Joel Klettke, Business Casual Copywriting:
Social proof is immensely important for landing pages, to the point that it’s one of very few elements I’ve never seen reduce conversion rates in my own tests. Third party proof does so much at the same time — sets expectations, gives leads a comparison party to weigh themselves against, reinforces your messaging and substantiates your claims.
Cialdini defined social proof as people doing what they observe other people doing. It’s a principle that’s based upon the idea of safety in numbers.
Bottom line: Show impressive numbers. Share what other people are doing. Show off testimonials and social media followers.
We conducted a study to find out which forms of social proof are the most powerful: Social Proof Study.
Have reviews from professionals. Not just spokespeople but everyday people talking about how they like the product.
3 guidelines for ecommerce social proof:
- If your product has been featured or endorsed, or if you have popular clients or associations, show it off.
- Emphasize user-generated content like reviews and ratings.
- Add trust marks/badges to the header and footer. Don’t overdo it.
Guideline #51. If your product has been featured or endorsed, or if you have popular clients or associations, show it off.
There’s nothing more reassuring than being validated by others.
Cialdini defined social proof as people doing what they observe other people doing. It’s a principle that’s based upon the idea of safety in numbers. Social proof examples would include testimonials, client logos, press mentions, your ‘partners’, and ‘expert’ endorsements.
From our original research “Which Social Proof Works Best”, we found that high-profile client logos, testimonials with photos, and press mentions left the strongest impression on participants. High profile client logos were the “winner” of this study, in that they require low cognitive load while yielding high recall rates.
There are several ways to harness the power of social proof, but one of the most powerful is through so-called “wisdom-of-the-crowds” social proof: Following the same lines of the FOMO phenomenon, we want what others have.
For more, see:
- The CXL Institute course “Social Proof” by Social Proof experienced copywriter and content strategist Joel Klettke.
- “Social Proof Power Plays” Talk by Angie Schottmuller at CXL Live 2016
How to do it RIGHT
With the rating on the site everyone seems to be pretty happy with the products they are receiving which makes it less stressful for me.User quote on Bodybuilding.com
Guideline #52. Emphasize the community with user-generated content like images, reviews and ratings.
A sense of community helps people feel welcome. “If everyone else is doing it…”. It especially helps with `design’-type products like art, crafts, and apparel.
A study by Toby Hopp & Valerie Barker in April of 2016 titled “Investigating the influence of age, social capital affinity, and flow on positive outcomes reported by e-commerce site users” found that young shoppers (think Millennials) are the age group most likely to feel a strong sense of community on ecommerce sites and are more likely to engage with these sorts of sites.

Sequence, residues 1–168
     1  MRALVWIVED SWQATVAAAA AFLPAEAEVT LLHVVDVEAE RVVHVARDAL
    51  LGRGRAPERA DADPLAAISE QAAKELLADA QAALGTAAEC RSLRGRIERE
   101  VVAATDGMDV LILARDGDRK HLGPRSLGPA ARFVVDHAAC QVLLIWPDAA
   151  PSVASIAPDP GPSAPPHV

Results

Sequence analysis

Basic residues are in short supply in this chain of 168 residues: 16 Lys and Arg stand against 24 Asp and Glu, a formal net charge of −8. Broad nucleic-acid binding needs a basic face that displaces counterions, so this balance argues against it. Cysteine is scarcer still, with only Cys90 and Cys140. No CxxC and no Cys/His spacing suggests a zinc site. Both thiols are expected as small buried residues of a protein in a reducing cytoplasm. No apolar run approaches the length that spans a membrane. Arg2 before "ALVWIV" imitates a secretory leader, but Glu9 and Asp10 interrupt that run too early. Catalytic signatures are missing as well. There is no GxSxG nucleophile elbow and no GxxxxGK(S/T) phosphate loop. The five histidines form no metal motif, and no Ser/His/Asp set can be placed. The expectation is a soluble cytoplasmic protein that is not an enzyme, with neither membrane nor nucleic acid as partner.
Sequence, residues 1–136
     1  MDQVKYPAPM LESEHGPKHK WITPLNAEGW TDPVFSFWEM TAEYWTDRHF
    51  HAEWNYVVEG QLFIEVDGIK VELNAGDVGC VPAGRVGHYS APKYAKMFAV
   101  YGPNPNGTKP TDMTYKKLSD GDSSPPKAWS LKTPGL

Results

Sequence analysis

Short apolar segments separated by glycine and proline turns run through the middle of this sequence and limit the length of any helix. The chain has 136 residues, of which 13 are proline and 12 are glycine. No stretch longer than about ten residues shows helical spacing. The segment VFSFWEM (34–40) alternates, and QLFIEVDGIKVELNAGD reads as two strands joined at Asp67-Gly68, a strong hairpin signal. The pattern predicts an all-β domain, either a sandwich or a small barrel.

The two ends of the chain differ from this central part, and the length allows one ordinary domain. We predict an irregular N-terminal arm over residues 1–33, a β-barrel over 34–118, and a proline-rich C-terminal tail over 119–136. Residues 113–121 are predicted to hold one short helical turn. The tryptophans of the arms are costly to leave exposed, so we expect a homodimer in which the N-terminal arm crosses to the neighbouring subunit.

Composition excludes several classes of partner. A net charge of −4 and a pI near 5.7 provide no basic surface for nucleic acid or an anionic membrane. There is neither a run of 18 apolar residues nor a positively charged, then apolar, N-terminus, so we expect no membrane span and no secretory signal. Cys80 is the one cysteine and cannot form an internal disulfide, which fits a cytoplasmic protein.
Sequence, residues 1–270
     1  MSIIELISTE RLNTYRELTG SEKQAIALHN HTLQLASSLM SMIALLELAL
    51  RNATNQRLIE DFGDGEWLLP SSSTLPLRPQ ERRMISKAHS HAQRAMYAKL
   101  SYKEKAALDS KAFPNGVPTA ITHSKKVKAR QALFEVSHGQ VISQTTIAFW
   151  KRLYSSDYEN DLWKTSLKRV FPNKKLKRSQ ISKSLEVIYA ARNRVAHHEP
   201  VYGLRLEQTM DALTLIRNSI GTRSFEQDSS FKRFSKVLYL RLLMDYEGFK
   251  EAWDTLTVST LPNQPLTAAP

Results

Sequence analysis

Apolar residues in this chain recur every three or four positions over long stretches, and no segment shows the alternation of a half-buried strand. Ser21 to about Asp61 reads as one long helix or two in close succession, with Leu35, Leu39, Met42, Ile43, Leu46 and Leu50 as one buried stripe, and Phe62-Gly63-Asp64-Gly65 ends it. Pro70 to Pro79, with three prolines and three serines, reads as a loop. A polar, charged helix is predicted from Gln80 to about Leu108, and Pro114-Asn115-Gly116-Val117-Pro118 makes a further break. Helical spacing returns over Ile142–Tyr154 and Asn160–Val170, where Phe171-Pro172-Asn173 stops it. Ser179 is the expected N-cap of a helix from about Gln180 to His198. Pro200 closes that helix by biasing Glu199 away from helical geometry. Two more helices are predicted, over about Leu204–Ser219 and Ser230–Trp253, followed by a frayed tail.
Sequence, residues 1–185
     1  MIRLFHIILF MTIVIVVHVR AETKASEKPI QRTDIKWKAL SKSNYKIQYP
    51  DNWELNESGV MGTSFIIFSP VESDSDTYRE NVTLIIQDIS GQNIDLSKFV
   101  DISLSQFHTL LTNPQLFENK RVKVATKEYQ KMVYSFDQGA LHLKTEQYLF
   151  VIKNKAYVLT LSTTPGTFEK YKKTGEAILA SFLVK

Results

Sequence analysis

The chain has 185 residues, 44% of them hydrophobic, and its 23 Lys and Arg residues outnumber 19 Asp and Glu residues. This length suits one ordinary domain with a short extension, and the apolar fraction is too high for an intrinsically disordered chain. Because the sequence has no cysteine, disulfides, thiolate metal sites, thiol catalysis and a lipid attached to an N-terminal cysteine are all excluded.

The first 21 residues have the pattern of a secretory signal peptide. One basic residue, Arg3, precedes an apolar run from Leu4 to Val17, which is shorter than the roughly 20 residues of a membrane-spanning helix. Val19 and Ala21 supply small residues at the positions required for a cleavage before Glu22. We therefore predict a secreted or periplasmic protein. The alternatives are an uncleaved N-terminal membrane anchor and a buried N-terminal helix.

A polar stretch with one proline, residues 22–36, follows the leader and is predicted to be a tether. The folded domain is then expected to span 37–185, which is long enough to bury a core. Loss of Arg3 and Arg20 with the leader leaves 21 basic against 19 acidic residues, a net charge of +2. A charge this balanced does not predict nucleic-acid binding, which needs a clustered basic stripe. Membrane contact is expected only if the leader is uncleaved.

Display some sort of community on your homepage, especially if your target group is a younger crowd.
I would eventually add some more user comments and reviews as they really add value to the site.
Add user ratings to the items or some sort of review. Ifs really important. I still buy shoes in person at the store cause I need to know how they feel on my foot.
it would add some value to see user comments and ratings, it’s always good to read feedback from users.
I would compare Bass Pro to another outdoor store, like Cabelas. Cabelas is similar, but their items have more reviews on them and even a section for questions about the products that get answered fairly quickly. Kizowing others’ experiences with the products I’m thinking about buying is key. If it is a bad product, I won’t buy it.
How to do it RIGHT
This page’s huge section of social interactions create a community right on the homepage. Users are sharing recipe ideas and showing each other how they use The Vitamin Shoppe’s products.
Guideline #53. Add trust marks/badges to the header and footer.
Internet users want to feel safe sharing their private information. One of the most popular and predominant ways to convey a secure website is through the implementation of trust badges (also referred to as “trust logos” and “site seals”).
The top-trafficked sites we benchmarked are highly known and trusted, yet many still indicate that they’re a toogle trusted store’ or ‘Norton Secure’. What we typically see is that known brands don’t bother with trust seals, and unknown brands use them in some form or another.
If your audience tips towards the ‘neurotic’ side of the online shopping sliding scale, trust symbols are of extra importance.
In general, whatever you can do to increase the feeling of trust and safety on your site, you should do. Nobody wants to feel like they’re going to be ripped off, or that their personal and financial information will be unsafe.
We conducted a 2 part study on trust seals:
- Part One: Security vs. Familiarity
- Part Two: Online Security Perceptions
The “PayPal Verified” seal was the most trusted logo/badge tested, followed by the “Norton Secured” badge.
Below are examples of trust seal use from the unknown and less credible sites surveyed.
I can not think of anything that would improve it. It had many things that made the user experience better like paypal. Very well done site.
How to do it RIGHT
Note the footer includes four trust seals.